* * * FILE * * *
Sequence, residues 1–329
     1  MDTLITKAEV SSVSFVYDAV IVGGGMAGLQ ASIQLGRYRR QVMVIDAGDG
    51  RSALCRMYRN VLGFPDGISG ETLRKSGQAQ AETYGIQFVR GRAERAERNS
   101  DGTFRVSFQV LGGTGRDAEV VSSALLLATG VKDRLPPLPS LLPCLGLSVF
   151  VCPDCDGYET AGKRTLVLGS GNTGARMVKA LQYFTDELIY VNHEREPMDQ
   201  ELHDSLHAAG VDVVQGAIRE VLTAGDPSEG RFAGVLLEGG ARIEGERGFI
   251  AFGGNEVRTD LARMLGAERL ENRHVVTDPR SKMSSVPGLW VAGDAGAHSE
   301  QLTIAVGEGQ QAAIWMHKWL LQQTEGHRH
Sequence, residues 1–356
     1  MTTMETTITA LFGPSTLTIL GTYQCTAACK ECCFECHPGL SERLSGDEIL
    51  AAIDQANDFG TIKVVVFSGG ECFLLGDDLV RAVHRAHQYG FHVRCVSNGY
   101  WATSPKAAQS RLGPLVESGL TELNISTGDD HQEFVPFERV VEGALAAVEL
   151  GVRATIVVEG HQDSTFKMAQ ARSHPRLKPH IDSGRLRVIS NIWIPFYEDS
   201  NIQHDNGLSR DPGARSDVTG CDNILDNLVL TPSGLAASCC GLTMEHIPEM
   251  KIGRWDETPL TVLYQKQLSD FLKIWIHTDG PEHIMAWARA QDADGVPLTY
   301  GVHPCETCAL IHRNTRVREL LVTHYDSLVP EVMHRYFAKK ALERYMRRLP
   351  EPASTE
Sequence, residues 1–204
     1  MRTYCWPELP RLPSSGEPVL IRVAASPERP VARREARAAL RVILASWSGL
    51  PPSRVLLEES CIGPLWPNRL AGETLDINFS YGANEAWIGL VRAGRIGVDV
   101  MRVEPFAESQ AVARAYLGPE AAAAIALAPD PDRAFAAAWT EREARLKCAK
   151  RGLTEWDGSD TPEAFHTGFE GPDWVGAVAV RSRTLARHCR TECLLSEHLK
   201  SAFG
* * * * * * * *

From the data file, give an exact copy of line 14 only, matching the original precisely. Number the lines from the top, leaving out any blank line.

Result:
   201  NIQHDNGLSR DPGARSDVTG CDNILDNLVL TPSGLAASCC GLTMEHIPEM